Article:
It took us a little while. In the beginning, we’d have the needle set way too far out, like a quarter inch, and I was going so deep it stopped the machine like a lawnmower in thick grass. It just destroyed the bone and took forever to heal. You start digging and it ends up looking like hamburger meat. You lay in all that ink, and then it heals up scarred and white.
Anything else you had to learn?
Pick the cat hair off the needle.
Does that “sterilize” it?
I mean, maybe I would have to read a little on bacteria and all that, but whatever, what we do is just hook it up and do it. We don’t share needles or anything like that. I mean, it’s happened, but you really shouldn’t do that. You think you’re clean, but you never know what you have. Somebody that actually tattoos would probably freak out if they came up here, but that’s part of it, part of the “fuck it” attitude of No Class. None of us has swelled up yet.
I Do Drugs Because Doing Drugs Is Fun
Like any good British girl, I can sit and down pills till the hallucinatory cows come home. But if I have to read one more nonsense story about some celebrity checking into rehab after trying one bump of coke, I’m actually going to break into the Daily Mail’s headquarters and shit and piss on their computers so that they can’t print any more fucking shit and piss about people taking drugs.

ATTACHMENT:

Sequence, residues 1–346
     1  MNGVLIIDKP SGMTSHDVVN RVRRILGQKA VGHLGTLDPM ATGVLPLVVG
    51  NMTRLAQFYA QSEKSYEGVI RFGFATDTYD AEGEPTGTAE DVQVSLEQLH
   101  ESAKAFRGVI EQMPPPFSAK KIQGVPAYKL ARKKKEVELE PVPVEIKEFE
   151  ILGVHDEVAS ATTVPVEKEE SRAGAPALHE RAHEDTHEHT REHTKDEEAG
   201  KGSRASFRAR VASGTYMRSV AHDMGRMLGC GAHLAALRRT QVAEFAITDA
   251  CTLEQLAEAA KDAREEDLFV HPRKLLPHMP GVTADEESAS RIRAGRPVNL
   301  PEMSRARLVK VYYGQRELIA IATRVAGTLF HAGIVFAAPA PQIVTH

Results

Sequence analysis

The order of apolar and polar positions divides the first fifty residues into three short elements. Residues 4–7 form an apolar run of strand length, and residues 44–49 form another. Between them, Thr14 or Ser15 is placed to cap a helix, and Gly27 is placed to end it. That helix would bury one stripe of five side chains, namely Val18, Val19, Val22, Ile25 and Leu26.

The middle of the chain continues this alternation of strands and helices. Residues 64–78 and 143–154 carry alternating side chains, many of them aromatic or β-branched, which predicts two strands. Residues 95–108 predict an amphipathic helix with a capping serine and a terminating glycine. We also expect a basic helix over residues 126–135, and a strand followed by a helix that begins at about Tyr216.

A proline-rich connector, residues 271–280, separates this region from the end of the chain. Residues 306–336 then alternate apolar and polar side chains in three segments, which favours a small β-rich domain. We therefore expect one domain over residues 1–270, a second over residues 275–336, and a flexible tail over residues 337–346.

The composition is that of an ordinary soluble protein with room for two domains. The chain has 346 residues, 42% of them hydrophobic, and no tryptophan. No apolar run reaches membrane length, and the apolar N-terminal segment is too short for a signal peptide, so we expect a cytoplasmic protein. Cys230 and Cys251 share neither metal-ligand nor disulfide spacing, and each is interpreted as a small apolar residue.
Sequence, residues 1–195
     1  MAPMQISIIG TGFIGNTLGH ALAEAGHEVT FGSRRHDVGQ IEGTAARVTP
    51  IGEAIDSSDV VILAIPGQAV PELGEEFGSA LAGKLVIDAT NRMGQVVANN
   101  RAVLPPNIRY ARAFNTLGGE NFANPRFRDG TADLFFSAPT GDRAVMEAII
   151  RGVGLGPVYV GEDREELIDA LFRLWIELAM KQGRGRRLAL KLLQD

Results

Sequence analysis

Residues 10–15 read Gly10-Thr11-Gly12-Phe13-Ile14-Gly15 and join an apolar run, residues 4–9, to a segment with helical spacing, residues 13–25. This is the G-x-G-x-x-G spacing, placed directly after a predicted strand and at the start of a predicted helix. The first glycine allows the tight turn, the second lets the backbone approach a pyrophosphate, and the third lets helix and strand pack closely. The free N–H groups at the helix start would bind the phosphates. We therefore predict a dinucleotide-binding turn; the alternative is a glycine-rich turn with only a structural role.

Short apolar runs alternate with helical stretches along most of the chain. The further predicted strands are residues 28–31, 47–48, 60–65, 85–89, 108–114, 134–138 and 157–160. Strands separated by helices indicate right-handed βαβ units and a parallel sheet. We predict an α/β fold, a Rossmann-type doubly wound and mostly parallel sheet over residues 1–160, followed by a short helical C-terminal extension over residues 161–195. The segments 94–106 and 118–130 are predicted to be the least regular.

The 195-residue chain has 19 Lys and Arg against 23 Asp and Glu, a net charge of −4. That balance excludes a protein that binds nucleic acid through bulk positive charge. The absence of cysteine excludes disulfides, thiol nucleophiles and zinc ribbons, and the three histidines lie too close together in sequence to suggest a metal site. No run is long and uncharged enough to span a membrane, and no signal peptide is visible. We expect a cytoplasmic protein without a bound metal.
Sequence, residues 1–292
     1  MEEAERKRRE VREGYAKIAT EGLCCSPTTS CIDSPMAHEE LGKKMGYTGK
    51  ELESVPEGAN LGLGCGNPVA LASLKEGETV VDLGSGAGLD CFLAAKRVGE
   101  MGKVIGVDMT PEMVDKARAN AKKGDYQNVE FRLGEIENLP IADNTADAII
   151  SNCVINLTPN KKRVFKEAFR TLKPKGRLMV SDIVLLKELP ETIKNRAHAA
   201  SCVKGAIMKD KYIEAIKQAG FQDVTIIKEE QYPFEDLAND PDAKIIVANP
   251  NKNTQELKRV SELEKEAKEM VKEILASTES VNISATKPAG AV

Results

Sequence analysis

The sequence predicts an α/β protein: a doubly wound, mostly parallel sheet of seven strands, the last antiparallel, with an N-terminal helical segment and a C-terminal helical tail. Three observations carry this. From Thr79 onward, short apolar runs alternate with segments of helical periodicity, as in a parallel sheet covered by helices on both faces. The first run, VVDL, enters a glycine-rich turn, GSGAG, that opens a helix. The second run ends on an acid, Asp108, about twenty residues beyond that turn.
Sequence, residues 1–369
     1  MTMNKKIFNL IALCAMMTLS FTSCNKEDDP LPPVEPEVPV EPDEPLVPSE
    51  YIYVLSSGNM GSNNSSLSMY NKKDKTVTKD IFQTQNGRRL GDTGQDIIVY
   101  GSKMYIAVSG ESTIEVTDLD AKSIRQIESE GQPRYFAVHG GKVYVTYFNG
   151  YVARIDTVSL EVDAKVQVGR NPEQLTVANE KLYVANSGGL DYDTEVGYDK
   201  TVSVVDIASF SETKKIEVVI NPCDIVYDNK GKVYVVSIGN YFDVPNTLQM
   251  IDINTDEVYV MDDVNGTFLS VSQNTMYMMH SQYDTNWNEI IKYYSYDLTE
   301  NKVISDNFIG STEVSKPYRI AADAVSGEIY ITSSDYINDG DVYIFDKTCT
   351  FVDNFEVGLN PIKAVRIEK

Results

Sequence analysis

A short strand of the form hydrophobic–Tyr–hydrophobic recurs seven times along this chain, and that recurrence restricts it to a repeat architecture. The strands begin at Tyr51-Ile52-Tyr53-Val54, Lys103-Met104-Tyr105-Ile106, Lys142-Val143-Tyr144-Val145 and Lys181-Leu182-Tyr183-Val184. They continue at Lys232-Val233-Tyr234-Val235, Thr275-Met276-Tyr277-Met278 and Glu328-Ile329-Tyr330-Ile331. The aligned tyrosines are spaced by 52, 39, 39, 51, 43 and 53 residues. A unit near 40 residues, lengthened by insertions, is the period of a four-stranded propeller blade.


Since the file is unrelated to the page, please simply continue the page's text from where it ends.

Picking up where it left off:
The English actor Michael Le Vell had a tough time last year. He was suspended from the soap opera, Coronation Street, while on trial for child sex charges and has since been found not guilty. Recently, he was suspended again after he admitted to doing coke—as in the refreshing white stuff, not the syrup that rots babies if you pour it over them. Michael told the Sunday Mirror that he first tried coke during the stressful lead up to his trial, “For a few brief minutes, the first time was a relief from everything that was going on. Afterwards I felt so ashamed and I never thought I’d do it again. But I did it once more after the trial… I never thought that I was the sort of guy who would like cocaine.”
Seriously, how much bullshit was that statement cut with? I don’t know, maybe Michael “I never thought that I was the sort of guy who would like cocaine” Le Vell really does look down on people who take drugs. Maybe he’s just playing sad boy for the media. Who knows? We’re about as capable of knowing how much crap his statement contains as we are of knowing how much levamisole was in last weekend’s bag of sniff. (Answer: always far, far too much.)
I have no doubt that Michael—and other recent cocaine apologists, such as Nigella Lawson, Demi Lovato, and Jim Davidson—have felt pain in their lives, and that truly sucks. But are we really supposed to believe that people only do coke when they’re in mourning, or in abusive relationships, or on trial for child-sex charges? Could it be that some people do a fat line of coke simply because they love a fat line of coke?